It’s 7: 25 on a Monday evening. Over the past few minutes, 67 members of the Whitehorse Community Choir have arrived at the Whitehorse United Church and taken their places.
Microphone in hand, Barbara Chamberlin calls out, “OK, let’s stand up. Let’s have a massage.”
The atmosphere is lighthearted as the singers turn in their pews and give each other shoulder rubs.
What follows resembles a gym class: shoulder rolls, bending, trees-in-the- wind stretching exercises, hip rolls, knee bends, breathing drills, face massages, wide-mouthed yawns.
Regardless of age, size, or gender, nobody holds back. These people are having fun.
At exactly 7:30, Chamberlin says, “OK, we’re going to go right through it and fix little things. Does everyone have their pencils?”
A small “Shush” from the front and there is immediate silence.These 67 people – as well as Chamberlin and accompanist Barry Kitchen – are here for one purpose: to perfect the choir’s interpretation of Wolfgang Amadeus Mozart’s beautiful and complex Requiem Mass in D Minor.
This is Chamberlin’s sixth season directing the choir. The groundwork for taking on this challenging work has been under construction for awhile, she explains.
“We did ‘Lacrimosa’ my first term of conducting, and I just started exploring from there, because we’ve all heard ‘Lacrimosa’ and probably ‘Dies Irae,'” she says.
“Then you get into some of the other pieces, and they’re beautiful, well-crafted and amazing pieces. We started about two and a half years ago doing two a term, so we had actually done a good part of the Requiem before we started in January.”
The Requiem was Mozart’s last composition, begun as a commissioned piece just three months before his death at the age of 35.
Parts of the score (just how much is still disputed) were completed by other composers so that Mozart’s widow could collect the badly-needed final payment from the secretive Austrian Count who had commissioned it.
As a musical setting of the Roman Catholic liturgy for someone who is deceased (“requiem” means “rest”), the work is sung entirely in Latin.
“Latin is a really good language to sing in,” Chamberlin explains. “The vowels are very pure. When you get everybody on the same vowel at the same time, the focus becomes very similar and we get this great sound out of it.”
Carl Rumscheidt has sung bass in 10 to 12 concerts since joining the choir ten years ago. The language of the Requiem, he admits, can pose challenges.
“We’re singing in a language that none of us understands, and we’re not all singing the same words at the same time,” he says. “Unless you’re paying really close attention, you can lose it quickly.”
Still, he’s proud of the choir’s approach to the task.
“My sense is that people came out this time because they wanted to be part of something really interesting. And it’s felt positive, right the way through.”
Both Chamberlin and Rumscheidt acknowledge the role played by Brainerd Blyden-Taylor, founder of the renowned Nathaniel Dett Chorale, who worked with the choir earlier this month, focussing on such things as diction and tone production.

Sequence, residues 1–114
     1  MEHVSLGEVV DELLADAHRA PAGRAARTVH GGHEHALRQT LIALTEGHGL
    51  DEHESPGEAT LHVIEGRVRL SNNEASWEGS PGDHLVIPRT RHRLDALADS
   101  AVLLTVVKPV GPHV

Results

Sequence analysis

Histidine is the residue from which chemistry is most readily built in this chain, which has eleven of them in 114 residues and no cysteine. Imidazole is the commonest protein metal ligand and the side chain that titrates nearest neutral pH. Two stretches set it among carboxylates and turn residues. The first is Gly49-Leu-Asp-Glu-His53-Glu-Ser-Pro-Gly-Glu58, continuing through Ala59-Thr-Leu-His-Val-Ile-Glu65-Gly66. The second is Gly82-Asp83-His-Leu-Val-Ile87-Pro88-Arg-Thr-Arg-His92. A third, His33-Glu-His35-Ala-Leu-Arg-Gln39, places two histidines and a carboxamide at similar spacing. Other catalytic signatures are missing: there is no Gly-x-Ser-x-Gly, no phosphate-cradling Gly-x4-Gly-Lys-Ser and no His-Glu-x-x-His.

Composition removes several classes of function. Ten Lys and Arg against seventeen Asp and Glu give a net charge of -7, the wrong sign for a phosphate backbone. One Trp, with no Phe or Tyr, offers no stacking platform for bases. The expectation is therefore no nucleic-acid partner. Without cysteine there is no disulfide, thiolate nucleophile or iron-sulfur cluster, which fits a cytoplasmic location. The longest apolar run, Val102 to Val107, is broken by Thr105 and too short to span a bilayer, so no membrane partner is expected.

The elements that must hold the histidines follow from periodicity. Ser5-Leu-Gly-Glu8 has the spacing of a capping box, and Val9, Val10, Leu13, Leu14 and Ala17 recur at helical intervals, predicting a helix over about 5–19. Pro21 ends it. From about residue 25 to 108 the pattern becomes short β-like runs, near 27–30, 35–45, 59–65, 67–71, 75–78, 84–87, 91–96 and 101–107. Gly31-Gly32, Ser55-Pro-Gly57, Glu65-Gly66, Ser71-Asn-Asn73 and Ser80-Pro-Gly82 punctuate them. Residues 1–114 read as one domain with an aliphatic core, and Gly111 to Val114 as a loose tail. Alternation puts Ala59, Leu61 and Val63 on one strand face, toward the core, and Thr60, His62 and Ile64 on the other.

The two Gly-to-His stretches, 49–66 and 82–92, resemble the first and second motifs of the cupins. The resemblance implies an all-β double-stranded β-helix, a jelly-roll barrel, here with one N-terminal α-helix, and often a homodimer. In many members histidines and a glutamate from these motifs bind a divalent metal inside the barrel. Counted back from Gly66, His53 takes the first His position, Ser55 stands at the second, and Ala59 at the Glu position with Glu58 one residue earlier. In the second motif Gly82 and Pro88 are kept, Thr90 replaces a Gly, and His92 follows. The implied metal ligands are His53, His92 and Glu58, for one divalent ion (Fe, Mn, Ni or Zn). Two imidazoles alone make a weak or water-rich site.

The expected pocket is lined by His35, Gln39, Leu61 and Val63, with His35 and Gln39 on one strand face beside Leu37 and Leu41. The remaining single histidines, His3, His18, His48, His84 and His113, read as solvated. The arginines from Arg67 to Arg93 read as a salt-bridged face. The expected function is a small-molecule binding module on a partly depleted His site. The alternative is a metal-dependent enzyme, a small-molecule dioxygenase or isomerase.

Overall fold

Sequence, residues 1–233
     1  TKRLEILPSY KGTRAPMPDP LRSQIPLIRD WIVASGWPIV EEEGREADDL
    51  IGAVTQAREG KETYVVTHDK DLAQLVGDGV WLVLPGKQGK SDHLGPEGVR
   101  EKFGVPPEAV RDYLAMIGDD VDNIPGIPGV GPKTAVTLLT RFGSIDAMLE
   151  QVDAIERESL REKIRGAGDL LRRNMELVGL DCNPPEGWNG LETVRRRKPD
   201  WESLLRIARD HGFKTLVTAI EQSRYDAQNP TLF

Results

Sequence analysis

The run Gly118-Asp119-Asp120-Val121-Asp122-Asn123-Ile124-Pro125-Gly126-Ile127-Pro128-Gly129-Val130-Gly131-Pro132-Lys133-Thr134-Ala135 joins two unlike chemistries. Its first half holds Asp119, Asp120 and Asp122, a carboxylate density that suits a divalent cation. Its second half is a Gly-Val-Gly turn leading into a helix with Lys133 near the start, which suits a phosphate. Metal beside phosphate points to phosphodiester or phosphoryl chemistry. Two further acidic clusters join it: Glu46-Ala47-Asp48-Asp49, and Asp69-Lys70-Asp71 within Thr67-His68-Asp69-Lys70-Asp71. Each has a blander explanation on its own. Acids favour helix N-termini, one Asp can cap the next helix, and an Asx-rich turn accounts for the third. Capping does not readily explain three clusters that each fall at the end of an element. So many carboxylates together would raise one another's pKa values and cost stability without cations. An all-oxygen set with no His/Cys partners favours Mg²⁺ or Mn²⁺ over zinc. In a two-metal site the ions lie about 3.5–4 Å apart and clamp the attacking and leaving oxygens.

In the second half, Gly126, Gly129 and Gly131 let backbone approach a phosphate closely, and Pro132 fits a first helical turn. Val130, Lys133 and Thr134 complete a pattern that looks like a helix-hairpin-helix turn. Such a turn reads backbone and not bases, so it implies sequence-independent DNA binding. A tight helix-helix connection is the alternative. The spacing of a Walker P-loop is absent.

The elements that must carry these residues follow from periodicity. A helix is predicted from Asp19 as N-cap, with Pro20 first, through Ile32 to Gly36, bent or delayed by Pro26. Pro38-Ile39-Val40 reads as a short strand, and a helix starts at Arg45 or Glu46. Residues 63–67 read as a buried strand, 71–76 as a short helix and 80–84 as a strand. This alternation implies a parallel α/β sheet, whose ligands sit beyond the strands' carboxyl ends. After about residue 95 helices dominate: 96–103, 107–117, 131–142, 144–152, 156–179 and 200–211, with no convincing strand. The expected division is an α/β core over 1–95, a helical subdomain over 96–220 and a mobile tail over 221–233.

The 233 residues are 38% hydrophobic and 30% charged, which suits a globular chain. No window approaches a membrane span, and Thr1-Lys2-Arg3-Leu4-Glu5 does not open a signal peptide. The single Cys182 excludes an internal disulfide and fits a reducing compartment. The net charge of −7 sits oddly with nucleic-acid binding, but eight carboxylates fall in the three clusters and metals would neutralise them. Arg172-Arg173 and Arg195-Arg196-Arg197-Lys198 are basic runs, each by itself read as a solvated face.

“Barb works on that a lot, and Blyden-Taylor was relentless on that,” Rumscheidt says. “To do this piece right, you’ve got to get that.”
Another member who appreciates Blyden-Taylor’s input is tenor Trevor Ratcliff, a newcomer to the choir whose last public singing was in a high school musical years ago.
“The experience was unbelievable. I learned so much about choir, and just my own individual voice. It was fabulous.”
Ratcliff regrets waiting so long before joining the choir, but relishes the experience.
“Just singing with a group was definitely a challenge, because I had not ever done that before. The piece itself is certainly a challenge; it has a lot of notes.”
As the choir – now up to 73 members – works its way through “Requiem aeternum” and “Kyrie eleison” the focus on both musical and lyric precision is obvious.
When Chamberlin gets the singers onto their feet for “Dies Irae”, the church’s laminated beams vibrate almost visibly from the explosion of sound.
But why do so many people, ranging from a teenaged bass to long-time members well past their teen years, volunteer every Monday evening – and more – to do something so demanding?
Rumscheidt sums it up this way:
“In every practice you end up doing a couple of things really well, and there’s that instant sense of, ‘Hey, we just did something good and something nice.’ I never, ever leave a practice not feeling better than when I went in.”
The choir’s Requiem will feature soloists Sonja Anderson (soprano), Anna Tamm-Relyea (alto), Roelof Oostwoud (tenor) and Gary Relyea (bass).
The 30-piece orchestra will include members of the Suzuki Senior Strings, as well as concertmaster Robert Richardson, Jr. and two colleagues from the Suzuki program at Manitoba’s Brandon University.
The Persephone Singers, the Neptunes and the Chamber Choir will also be part of the two performances, May 6 and 7 at the Yukon Arts Centre, starting at 8 pm.